Motion to suppress evidence undecided in 2011 murder case
By Randa Wagner
The case involving the July 4, 2011 murder of a Congress Twp. man is still ongoing in the Morrow County court system.
Cory Kelly, of Galion, appeared with defense attorneys Earl Desmond and Don Wick Friday for a motion to suppress evidence hearing before Common Pleas Court Judge Robert Hickson, Jr.
Asst. Prosecutor Jocelyn Stephancin represented the state and Prosecutor Charles Howland was present in the courtroom, along with members of Kelly’s family.
Kelly is charged with aggravated murder and tampering with evidence in the death of Joseph Rosella of TR 87. He is seeking to suppress a videotaped interview between himself and sheriff’s detectives shortly after the murder on the grounds his Miranda rights were violated and he felt he was held under ‘custodial interrogation.’
Custodial interrogation involves questioning initiated by law enforcement officers after a person is taken into custody or otherwise deprived of his or her freedom in any significant way, requiring that the person be advised of his or her applicable constitutional rights. Under Miranda, unless those warnings are given, no evidence obtained during the interrogation may be used against the accused.
Kelly was not in custody initially when he was questioned by detectives July 5, 2011 but now maintains he felt he was not free to leave the sheriff’s office and had to keep answering their questions. He also says he was not provided with an attorney when the subject came up in the course of conversation.
Detectives John Hinton and Marissa Gibson testified and were cross examined by the state and the defense on the interview, and the entire session from 2011 was played on a monitor in the courtroom. When the interview got to a certain point, Det. Gibson began to recite the Miranda rights to Kelly, who stated he knew what they were already. The subject of an attorney and their availability at that time of night came up, but no action was taken. Kelly signed a waiver and proceeded with the conversation. He was placed under arrest at the end of the conversation and charges were filed.
Kelly testified he was not in a coherant state when he made statements to law enforcement officials July 5 and also felt he was being detained (in that he was not free to leave). Defense attorneys maintained because doors in the facility where Kelly was interviewed were locked to gain entry, it was not clear to Kelly that they were unlocked (to exit) and he could leave the facility if he wanted to. Kelly also said he had a lot to drink (alcohol) and was under the influence before he came in, and so was not fully aware of what was happening.
“You want us to believe you had no understanding of what was taking place that day, correct?” asked Stephancin.
“I didn’t say that,” said Kelly.
“Well that’s what you testified to – you had no idea what was going on.”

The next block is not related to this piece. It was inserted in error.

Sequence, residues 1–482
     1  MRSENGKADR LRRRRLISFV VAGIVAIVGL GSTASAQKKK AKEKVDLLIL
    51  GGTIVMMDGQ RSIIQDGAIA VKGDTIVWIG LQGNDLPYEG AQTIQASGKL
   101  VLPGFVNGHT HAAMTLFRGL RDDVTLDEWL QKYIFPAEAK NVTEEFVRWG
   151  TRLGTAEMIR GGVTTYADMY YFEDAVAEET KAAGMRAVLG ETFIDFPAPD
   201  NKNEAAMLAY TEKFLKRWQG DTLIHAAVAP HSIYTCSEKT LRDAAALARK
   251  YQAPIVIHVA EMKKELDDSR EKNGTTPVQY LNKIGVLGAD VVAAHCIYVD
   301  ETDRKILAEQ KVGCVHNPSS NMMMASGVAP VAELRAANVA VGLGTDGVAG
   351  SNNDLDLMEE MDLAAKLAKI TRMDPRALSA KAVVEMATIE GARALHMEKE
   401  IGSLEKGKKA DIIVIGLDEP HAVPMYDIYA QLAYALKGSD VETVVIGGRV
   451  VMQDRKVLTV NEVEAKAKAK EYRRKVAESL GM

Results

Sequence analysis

“I just don’t recall everything that happened that night,” he said.
“You want us to understand you didn’t know you didn’t have to talk to the officers?” Stephancin asked.
“I was called in for questioning, so it was my assumption I had to talk to the officers,” Kelly said.
“When the detective started to read you your Miranda rights, you told her you knew your rights – do you remember that?” asked Stephancin.
“I remember that,” Kelly responded.
“And the first right you recited was your right to remain silent,” Stephancin recalled. “You knew you could invoke your right to remain silent?”
“Not fully,” answered Kelly.
“Mr. Kelly — do you understand that you had the right to remain silent?” Stephancin asked.
“Did you understand you had the right to consult with an attorney?” she asked.
“Why did you bring up the attorney?” she queried.
“At the time I was wanting one,” Kelly said.
“Why didn’t you ask for one?” she asked.
“I pretty much did,” Kelly answered.
“You asked how long it would take an attorney to get there,” she recited.
“The questions were supposed to stop then, when I asked about an attorney and how long it would take to (get one) be there,” Kelly responded.
“Why did you think the questioning is supposed to stop when you mention an attorney?” asked Stephancin.
“From people who have – from watching criminal cases on TV.”
Stephancin reminded Kelly he’d signed the Rights Waiver Form that night, indicating he understood his rights and he was willing to make a statement and answer questions.
He recalled that yes, he did.
She asked why, if he wanted to talk to a lawyer, did he sign the form and agree to speak to law enforcement?
“I was tired of answering questions at that point,” Kelly responded.
Attorney Desmond asked Kelly if he actually intended to go to the Morrow County Sheriff’s office that night.
“No, I did not,” Kelly responded.
“Did you intend to speak to the detectives that night?” Desmond asked.
“No, I did not,” Kelly said.
After testimony was complete, Judge Hickson said, “We do want to make sure the court issues are addressed in this, especially when constitutional rights are involved.”
He said he would review the videotape again to discern whether Kelly was coherant enough to understand what was taking place at the time of the interview, if his Miranda rights were violated, and if he was held in a ‘custodial’ method. He asked the state and the defense to prepare their briefs and submit them as soon as possible, and he would rule on the matter.
Kelly is currently being held at the Ross Correctional Institution in Chillicothe, Ohio.